We’ve seen a lot of big numbers this election. The Koch brothers' super PAC spent $4 million to back the deceptive Prop. 32. Billionaire Charles Munger Jr. kicked in $35 million against Prop. 30 and for Prop. 32. A shady Arizona group that refuses to disclose its donors funneled $11 million into our state to attack California schools and workers. But now, there’s only one number that matters: 35,000. That’s the number of union volunteers fanning out across the state, in communities big and small, to fight the big-money interests behind the attacks on Prop. 30 and the fraudulent ads backing Prop. 32.
The California labor movement has mounted its largest get out the vote effort in history this year, contacting millions of voters one on one about the stakes in this election. These volunteers aren’t members of the 1%. They’re everyday working people taking time in the evenings and on the weekends to improve their communities by standing up to the powerful special interests who have spent tens of millions of dollars this year in an effort to rig the system even further to their own benefit.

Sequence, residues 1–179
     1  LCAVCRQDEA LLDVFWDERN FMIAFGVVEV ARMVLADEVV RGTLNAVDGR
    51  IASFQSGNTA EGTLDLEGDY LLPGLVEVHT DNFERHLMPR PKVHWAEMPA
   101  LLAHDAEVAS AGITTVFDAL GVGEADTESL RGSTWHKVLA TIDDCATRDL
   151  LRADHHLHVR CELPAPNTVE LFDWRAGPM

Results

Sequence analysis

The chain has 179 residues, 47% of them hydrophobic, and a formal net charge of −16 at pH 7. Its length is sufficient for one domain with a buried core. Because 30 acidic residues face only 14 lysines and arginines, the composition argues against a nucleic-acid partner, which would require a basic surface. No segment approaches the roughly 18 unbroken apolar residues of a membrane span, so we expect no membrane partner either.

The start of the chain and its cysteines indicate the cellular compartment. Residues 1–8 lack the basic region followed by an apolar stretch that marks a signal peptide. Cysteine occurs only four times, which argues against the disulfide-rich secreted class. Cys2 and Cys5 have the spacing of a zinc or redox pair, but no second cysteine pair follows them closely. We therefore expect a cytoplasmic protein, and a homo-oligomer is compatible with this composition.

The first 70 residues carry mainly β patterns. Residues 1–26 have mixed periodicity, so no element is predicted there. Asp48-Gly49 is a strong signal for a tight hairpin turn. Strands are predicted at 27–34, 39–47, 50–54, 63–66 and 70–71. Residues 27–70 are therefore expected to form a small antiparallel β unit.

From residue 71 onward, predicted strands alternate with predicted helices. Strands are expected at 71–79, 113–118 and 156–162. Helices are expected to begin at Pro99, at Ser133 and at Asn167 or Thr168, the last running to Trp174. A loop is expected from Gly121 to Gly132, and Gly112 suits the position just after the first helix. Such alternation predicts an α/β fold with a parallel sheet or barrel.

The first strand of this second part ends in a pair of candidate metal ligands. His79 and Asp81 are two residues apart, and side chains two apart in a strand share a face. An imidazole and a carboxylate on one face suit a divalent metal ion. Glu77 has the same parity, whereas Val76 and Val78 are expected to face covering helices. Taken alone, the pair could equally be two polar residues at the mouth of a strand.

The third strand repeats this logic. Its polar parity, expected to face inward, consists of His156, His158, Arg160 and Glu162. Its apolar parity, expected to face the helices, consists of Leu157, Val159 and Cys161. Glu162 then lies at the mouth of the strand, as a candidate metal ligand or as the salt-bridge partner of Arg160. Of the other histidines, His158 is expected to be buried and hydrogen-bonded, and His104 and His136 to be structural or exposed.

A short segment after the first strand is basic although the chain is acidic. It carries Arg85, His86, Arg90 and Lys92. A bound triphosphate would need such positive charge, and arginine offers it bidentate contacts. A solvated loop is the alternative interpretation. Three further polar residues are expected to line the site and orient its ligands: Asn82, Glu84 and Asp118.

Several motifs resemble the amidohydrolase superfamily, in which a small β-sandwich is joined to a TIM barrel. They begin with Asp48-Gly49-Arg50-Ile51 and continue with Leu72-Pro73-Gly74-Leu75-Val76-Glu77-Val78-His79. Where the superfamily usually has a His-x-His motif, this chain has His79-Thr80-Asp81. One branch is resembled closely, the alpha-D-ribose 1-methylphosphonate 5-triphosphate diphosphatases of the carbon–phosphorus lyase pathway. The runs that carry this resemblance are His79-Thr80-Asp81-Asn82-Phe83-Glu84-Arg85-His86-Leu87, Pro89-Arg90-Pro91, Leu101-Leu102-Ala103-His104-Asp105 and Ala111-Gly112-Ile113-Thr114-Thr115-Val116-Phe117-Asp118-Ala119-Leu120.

On Saturday, precinct walks and phone banks across the state were overflowing with volunteers ready to deliver a final message to voters about the importance of passing Prop. 30, which protects our schools from another $6 billion in devastating cuts, and defeating Prop. 32, a truly deceptive measure to silence working people while giving more power to corporate special interests.